Studies continue to demonstrate that music is extremely beneficial for the brain, especially playing an instrument.
Music Therapy is one of the oldest treatment methods in the world to treat diseases holistically, and the benefits are backed by science.
Most recently, it has been shown that both listening and playing music are extremely effective in preventing dementia.
When music enters the scene, the mood often changes stress, pain, and anxiety become less and less important.
The three key ingredients to this cure are rhythm, melody, and harmony.
Studies show that playing an instrument has a positive impact on inhibition, planning, and verbal intelligence. Furthermore, children who undergo musical training have better verbal memory, second language pronunciation accuracy, reading ability, and executive functions.
Brain studies show that musicians' motor and multi-sensory networks are often better trained to work together.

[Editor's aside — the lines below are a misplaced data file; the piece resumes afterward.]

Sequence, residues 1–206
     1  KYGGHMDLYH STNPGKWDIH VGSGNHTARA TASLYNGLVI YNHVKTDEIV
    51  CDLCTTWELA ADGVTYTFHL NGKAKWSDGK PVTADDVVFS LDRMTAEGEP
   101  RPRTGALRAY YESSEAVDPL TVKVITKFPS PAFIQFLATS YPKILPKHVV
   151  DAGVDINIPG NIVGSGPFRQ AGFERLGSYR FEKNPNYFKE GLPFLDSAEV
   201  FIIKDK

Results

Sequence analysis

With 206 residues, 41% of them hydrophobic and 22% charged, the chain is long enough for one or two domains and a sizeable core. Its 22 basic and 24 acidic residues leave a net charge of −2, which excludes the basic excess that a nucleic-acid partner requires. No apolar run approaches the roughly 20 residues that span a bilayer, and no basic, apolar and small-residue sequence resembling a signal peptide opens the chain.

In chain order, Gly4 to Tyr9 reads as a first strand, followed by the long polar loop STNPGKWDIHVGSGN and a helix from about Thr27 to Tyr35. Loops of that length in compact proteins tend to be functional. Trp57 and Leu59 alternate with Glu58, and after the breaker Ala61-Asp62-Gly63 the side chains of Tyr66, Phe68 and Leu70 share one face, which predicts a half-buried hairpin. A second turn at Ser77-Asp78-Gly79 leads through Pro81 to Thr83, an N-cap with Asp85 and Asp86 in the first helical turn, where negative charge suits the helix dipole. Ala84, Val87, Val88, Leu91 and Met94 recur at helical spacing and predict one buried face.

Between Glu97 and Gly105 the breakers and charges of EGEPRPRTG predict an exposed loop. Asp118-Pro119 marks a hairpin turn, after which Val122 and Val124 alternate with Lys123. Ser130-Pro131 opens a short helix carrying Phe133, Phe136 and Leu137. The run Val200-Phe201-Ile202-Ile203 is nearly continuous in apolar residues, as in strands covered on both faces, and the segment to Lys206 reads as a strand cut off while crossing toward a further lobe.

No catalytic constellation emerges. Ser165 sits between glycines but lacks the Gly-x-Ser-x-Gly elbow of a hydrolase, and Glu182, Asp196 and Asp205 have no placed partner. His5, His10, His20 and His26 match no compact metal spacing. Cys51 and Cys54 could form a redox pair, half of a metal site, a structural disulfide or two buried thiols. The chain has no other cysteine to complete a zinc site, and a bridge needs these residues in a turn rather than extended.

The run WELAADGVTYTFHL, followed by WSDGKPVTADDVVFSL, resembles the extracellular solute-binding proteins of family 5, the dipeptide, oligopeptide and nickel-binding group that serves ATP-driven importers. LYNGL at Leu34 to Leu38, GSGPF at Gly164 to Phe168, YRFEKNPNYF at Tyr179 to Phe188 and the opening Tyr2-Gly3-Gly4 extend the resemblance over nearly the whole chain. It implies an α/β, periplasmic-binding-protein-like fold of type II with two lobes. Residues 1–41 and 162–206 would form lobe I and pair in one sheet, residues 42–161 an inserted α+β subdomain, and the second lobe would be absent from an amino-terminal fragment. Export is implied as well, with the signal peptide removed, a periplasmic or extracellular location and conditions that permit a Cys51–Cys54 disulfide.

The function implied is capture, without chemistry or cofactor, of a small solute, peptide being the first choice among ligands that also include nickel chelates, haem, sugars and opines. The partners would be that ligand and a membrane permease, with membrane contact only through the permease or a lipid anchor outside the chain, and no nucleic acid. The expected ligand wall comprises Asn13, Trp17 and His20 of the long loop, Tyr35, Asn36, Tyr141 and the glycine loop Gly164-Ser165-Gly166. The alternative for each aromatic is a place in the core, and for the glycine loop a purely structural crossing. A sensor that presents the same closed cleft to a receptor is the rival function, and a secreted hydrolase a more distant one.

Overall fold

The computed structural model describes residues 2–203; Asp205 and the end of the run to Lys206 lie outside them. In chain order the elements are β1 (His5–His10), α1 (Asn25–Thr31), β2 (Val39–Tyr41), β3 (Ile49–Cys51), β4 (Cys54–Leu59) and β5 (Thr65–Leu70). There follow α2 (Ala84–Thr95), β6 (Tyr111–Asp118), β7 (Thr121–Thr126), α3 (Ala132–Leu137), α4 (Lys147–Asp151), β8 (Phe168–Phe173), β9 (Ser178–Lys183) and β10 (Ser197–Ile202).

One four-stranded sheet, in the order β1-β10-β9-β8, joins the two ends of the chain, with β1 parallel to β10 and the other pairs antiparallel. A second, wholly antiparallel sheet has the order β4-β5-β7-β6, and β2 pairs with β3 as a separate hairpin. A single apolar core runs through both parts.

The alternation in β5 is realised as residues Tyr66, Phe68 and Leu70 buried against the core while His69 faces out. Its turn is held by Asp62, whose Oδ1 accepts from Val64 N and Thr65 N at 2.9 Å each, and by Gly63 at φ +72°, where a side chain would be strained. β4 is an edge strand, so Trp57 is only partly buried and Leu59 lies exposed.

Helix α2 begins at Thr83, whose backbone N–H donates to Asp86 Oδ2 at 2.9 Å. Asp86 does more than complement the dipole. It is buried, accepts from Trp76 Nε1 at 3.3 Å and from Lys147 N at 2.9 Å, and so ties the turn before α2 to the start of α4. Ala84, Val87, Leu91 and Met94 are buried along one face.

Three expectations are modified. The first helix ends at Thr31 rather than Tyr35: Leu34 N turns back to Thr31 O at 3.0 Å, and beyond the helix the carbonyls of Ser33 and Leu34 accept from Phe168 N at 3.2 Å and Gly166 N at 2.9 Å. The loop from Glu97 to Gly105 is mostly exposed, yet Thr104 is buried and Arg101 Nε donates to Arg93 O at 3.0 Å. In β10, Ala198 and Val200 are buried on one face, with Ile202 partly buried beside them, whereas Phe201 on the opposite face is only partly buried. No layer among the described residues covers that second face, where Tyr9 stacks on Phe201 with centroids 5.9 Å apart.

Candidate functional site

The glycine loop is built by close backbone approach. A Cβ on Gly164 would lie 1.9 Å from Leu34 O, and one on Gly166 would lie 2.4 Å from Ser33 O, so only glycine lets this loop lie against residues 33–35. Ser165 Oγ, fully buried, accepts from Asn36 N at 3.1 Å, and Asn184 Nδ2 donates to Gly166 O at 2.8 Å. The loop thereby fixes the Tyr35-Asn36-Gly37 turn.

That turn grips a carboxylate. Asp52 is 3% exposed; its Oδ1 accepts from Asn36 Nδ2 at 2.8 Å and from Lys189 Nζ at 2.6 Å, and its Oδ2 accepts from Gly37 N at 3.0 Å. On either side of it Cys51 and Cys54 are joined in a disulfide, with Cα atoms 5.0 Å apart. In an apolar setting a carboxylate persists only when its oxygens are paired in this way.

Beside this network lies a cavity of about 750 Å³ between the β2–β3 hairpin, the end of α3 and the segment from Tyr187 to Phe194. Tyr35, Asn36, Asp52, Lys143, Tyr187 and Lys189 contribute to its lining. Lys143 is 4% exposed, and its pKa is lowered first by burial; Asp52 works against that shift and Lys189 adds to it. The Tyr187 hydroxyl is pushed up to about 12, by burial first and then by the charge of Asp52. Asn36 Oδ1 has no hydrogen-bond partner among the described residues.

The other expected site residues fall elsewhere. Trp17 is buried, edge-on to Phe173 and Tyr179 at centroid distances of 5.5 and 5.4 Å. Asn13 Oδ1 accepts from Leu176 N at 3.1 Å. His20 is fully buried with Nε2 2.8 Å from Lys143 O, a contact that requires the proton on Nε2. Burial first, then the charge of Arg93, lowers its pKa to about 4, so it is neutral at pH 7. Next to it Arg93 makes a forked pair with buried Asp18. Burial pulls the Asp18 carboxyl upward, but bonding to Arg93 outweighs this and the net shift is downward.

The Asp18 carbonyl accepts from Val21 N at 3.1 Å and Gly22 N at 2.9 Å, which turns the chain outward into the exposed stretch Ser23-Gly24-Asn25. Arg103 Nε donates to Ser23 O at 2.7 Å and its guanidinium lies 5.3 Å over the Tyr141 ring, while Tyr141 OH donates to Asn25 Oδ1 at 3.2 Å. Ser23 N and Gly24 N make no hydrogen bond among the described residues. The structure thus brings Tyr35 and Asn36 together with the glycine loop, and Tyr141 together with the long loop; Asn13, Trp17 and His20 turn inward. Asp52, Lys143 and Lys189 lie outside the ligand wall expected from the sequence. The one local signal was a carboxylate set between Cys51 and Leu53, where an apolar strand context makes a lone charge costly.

The process of actually playing involves:
Listening to music requires certain perceptual abilities, including pitch discrimination, auditory memory, and selective attention in order to perceive the temporal and harmonic structure of the music as well as its affective components.
When listening, a network of brain structures becomes engaged.
Essentially, the auditory cognitive system is fully engaged and dependent on working memory mechanisms in order to relate one element in a sequence to another that occurs later.
Music is harmony, and there is a high level of evidence that music is extremely impactful for Alzheimer's patients.
It protects cognitive domains that usually decline with aging and boosts other domains that do not decline with aging.
It reduces the impact of cognitive problems associated with aging because it challenges and stimulates the brain to work together in coherence.